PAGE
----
blogging by Andrew Wickliffe


All Creatures Great and Small (2020) s03e07 – Merry Bloody Christmas


Pun fully intended, Callum Woodhouse continues to show why he’s “All Creatures”’s trickiest casting but also its most successful. This Christmas special is set, appropriately, at Christmas, only war’s on, and no one’s feeling like celebrating this year. Especially not with Nicholas Ralph chomping at the bit for his chance to go—after the proper season’s finale where he and Woodhouse signed up, which was basically the season arc… it turns out they might not get shipped out anyway. They’re exempt because they’re vets or whatever.

There’s no annual Christmas party in the offing, not until Anna Madeley discovers her love interest, Will Thorp, is moving away. She invites him over and then has to put together a party, so it doesn’t look like she just invited him over.

The special filters much of the household goings-on through guest star Ella Bernstein. She’s playing a refugee from… somewhere, presumably in England, though maybe not. She’s Jewish, adorable, precocious, and fascinated by Christmas. She also basically fills the function of Ralph for the special. Ralph and Rachel Shenton are entirely support here.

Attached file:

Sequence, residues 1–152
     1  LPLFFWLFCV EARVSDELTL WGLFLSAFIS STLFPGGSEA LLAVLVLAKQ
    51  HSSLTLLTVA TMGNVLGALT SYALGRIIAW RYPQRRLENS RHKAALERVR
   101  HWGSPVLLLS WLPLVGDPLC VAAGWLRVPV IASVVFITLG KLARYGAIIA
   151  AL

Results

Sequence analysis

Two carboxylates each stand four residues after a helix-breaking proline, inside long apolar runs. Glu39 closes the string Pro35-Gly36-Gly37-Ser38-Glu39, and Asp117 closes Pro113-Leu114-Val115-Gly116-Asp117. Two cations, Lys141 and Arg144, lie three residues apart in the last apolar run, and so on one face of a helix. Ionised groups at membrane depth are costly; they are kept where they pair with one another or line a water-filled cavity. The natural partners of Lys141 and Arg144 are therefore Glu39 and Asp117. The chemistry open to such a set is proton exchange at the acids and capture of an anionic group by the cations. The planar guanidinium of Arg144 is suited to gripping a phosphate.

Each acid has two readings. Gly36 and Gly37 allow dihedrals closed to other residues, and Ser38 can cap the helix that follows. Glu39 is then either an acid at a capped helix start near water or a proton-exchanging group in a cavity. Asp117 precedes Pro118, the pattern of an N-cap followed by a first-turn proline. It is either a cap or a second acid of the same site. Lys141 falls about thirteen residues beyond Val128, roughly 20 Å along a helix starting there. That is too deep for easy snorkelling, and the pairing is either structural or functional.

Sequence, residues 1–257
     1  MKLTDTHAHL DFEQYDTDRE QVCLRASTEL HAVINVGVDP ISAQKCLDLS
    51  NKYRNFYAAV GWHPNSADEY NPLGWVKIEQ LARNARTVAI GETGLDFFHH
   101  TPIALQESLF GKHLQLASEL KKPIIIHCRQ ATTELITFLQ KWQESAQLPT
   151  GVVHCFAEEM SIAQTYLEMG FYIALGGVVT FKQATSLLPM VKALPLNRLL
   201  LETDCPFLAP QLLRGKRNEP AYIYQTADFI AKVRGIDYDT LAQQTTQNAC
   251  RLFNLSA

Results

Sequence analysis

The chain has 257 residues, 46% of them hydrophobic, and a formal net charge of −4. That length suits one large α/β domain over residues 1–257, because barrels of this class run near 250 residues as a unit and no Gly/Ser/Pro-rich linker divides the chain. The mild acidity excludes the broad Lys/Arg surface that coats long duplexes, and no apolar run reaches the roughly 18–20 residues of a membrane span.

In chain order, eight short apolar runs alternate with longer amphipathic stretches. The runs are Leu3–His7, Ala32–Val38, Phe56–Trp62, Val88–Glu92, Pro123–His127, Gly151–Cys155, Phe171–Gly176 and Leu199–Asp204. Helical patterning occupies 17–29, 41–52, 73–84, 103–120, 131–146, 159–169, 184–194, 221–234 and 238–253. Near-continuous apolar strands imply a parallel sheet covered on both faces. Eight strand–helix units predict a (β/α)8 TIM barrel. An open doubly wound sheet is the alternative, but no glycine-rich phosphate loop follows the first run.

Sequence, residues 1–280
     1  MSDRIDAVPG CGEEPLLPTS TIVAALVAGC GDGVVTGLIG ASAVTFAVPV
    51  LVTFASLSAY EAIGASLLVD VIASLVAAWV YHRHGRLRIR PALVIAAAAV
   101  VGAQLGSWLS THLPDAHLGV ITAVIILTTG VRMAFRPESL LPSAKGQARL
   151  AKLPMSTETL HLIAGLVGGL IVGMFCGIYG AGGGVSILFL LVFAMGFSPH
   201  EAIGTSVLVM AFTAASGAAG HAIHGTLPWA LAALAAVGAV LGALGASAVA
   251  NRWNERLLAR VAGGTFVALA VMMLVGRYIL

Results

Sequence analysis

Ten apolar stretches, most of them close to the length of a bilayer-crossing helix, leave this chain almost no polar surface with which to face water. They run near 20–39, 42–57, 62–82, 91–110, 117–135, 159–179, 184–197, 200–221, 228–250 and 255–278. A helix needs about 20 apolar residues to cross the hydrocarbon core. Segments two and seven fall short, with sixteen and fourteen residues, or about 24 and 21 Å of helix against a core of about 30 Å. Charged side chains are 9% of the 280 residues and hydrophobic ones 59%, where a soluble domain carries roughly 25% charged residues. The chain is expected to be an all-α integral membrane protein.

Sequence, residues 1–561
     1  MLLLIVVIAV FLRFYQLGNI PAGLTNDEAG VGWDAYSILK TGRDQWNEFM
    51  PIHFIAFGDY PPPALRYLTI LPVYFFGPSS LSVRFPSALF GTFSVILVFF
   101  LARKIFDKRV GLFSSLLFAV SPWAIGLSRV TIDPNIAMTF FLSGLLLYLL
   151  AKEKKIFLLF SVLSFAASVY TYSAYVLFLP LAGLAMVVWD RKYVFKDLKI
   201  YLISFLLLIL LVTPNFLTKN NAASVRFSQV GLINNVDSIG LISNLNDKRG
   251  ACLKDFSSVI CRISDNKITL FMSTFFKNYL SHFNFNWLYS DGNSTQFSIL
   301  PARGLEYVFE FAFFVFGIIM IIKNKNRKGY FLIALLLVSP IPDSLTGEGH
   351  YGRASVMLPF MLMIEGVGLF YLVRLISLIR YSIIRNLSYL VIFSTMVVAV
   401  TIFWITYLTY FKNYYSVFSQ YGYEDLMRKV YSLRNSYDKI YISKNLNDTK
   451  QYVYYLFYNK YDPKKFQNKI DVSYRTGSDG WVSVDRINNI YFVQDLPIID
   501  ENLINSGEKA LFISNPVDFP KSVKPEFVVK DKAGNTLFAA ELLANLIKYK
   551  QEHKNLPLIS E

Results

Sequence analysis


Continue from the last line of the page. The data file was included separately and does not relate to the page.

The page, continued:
The veterinary case this episode—outside Bernstein getting to meet Mrs. P. (I’m entirely on board with Patricia Hodge now, even if last we saw the manor, she was getting it ready for the war effort, and now it’s empty) and Tricki Woo (played, as ever, by Derek), who have a kitten problem only a little kid can help with—is about Samuel West and the racehorse he nursed back to health in the regular season. It was a great episode for West. This episode sort of hopes everyone forgets how emotional he got because he quickly finds himself letting old war buddy Michael Maloney bribe him into ignoring some medical conditions.

West’s change in behavior doesn’t go unnoticed, not when Woodhouse comes out to the stables to help out and discovers something suspect.

It’s a very emotion-filled episode for West, Woodhouse, and Madeley, as they once again have to contend with their abnormal but normal, actually, family structure, with great acting from all three. Woodhouse gets to be the stand-out; well, and Madeley, but not in the family arc, though she seems to have a realization about doing emotional labor for the boys).

Besides West’s slightly rushed character arc and a couple of places they obviously cut out another scene for time, it’s a stellar episode.


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